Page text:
What does the term ‘streaming’ mean in terms of hearing augmentation?

Stakeholders empowered to make vital decisions about hearing augmentation technology – including architects, electrical consultants and infrastructure experts – are presented with various (and often confusing) terminologies regarding this fluid science.

One such term is “streaming”.  Most of us think of “streaming” in the context of watching and listening to Netflix and the like, and YouTube and social media content.  That is, content is delivered to storage areas, then piped to the consumer via physical NBN cables, or through the air using mobile phone infrastructure, or using Wi-Fi.

Content needs to get to the consumer whatever brand TV they have, whatever brand phone they have or whatever software those devices use.  Systems must be agile.  The same agility needs to embraced by hearing augmentation tech.

Audio in a classroom which the Building Construction Code, Australian Standards, and State and Diocesan rules require to be augmented to learners, visitors and teachers, needs to be able to be received by whatever hearing aid is used and whatever software and hardware is built into it.

That’s why the UConnect hearing augmentation systems embrace streaming via the various transmitters which are made by the manufactures of hearing aid receivers.

Interestingly, this approach to stream or transmit via transmitters connected to on-wall interfaces is embraced the most progressive and inclusive State based regulators.

But, using WIFI hearing augmentation systems in education environments is either banned by State rules, or discouraged.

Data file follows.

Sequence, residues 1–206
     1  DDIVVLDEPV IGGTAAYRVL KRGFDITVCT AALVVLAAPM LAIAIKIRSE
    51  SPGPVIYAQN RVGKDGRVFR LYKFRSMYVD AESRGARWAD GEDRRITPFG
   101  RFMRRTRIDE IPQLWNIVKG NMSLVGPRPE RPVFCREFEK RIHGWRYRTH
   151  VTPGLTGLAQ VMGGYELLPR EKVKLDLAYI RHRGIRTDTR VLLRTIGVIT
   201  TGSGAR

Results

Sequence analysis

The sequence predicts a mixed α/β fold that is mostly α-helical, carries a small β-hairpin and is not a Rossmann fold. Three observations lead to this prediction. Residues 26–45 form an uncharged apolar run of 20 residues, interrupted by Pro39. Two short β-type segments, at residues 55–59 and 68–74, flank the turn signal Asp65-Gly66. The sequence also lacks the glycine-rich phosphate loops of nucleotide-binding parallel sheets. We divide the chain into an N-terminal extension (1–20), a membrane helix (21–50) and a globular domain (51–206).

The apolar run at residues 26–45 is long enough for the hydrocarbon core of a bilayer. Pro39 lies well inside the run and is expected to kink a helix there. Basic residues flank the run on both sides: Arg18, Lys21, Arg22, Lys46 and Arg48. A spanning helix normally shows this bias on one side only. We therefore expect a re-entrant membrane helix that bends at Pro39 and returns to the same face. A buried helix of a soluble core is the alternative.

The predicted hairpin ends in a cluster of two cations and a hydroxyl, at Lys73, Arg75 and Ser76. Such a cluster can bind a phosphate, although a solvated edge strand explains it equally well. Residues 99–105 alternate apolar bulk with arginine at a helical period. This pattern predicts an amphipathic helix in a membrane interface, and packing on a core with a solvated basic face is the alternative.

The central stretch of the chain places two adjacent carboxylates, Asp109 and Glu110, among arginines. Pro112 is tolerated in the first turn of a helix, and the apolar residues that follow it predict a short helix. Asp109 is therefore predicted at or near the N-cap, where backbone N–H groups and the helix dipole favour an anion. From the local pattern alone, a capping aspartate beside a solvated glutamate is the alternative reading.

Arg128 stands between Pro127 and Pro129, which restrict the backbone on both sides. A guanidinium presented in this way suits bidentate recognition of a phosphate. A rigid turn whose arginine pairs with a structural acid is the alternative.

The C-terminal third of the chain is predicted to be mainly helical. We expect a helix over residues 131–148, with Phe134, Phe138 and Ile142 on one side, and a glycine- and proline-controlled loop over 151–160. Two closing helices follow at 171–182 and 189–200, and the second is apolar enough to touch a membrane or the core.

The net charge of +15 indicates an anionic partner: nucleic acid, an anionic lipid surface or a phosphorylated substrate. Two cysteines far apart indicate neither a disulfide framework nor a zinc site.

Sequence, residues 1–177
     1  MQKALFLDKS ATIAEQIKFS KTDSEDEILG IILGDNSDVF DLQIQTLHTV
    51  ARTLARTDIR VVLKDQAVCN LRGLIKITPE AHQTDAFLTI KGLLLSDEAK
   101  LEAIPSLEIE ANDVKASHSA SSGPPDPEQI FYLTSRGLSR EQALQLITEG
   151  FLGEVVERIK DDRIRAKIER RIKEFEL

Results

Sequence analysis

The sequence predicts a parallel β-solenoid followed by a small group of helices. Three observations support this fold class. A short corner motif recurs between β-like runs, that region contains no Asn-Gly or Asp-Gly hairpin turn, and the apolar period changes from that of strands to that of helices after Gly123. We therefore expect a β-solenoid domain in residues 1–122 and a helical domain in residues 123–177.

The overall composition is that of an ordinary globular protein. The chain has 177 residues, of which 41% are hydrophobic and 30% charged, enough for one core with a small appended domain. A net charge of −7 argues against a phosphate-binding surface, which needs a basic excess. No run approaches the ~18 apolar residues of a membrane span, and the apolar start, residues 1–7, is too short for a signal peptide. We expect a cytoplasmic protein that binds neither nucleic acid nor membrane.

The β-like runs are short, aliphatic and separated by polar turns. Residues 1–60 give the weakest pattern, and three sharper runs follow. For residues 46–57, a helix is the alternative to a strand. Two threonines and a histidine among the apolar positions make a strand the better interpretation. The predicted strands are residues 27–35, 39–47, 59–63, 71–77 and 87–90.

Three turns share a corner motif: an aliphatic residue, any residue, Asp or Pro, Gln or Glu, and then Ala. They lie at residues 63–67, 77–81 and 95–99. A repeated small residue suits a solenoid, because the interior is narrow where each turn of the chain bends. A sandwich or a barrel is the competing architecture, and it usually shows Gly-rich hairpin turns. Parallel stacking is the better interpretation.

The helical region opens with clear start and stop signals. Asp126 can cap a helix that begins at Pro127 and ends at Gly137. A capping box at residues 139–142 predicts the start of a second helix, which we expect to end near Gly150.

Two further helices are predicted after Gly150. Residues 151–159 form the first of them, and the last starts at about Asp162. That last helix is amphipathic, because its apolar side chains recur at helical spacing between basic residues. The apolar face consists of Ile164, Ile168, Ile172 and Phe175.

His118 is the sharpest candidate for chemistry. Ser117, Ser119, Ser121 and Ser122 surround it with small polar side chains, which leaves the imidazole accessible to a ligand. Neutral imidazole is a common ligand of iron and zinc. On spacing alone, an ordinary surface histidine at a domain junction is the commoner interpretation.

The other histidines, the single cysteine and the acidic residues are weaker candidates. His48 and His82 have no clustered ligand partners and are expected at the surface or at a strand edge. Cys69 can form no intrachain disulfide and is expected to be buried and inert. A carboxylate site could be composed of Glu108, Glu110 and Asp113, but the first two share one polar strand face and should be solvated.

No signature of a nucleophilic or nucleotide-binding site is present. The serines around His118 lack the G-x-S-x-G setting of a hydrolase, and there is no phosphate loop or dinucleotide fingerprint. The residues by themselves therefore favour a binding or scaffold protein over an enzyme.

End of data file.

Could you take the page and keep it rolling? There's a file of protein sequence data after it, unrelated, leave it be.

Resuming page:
Australian Standard AS 1428.5:202: Design for access and mobility Communication for people who are deaf or hearing impaired states:

“The following are some of the reasons that smart phones or other wifi devices should not be required to be supplied by consumers who are deaf of hearing impaired:

(a) Consumers with hearing loss often use their mobile phone for SMS/text (not to hear on) and therefore do not own attachments as traditional attachments either are not loud enough or are not compatible with their hearing device(s).

(b) Some hearing devices have direct audio streaming receive capability. This is estimated at less than 1% of the hearing devices in use, although expected to increase over time.

(c) Hearing devices that directly receive streaming audio from their smart phone are generally much more expensive than equivalent hearing devices with streaming compatibility.

(d) In almost every case, to use the steaming facility on a hearing device, and application (commonly referred to as ‘apps’) is required, so a smart phone is required to be compatible with the application. People who rely on SMS only may use traditional mobile phones and not smart phones.

(e) People on low income may use traditional mobile phones and not smartphones”

And the Victorian School Building Authority’s May 2023 Building Quality Standards Handbook states:

“The department’s enterprise network is designed for laptops, PCs and networking. External servers are not subject to service agreements protecting voice traffic. Current Wifi systems have latency issues that interfere with lipreading and often require supplementary devices.”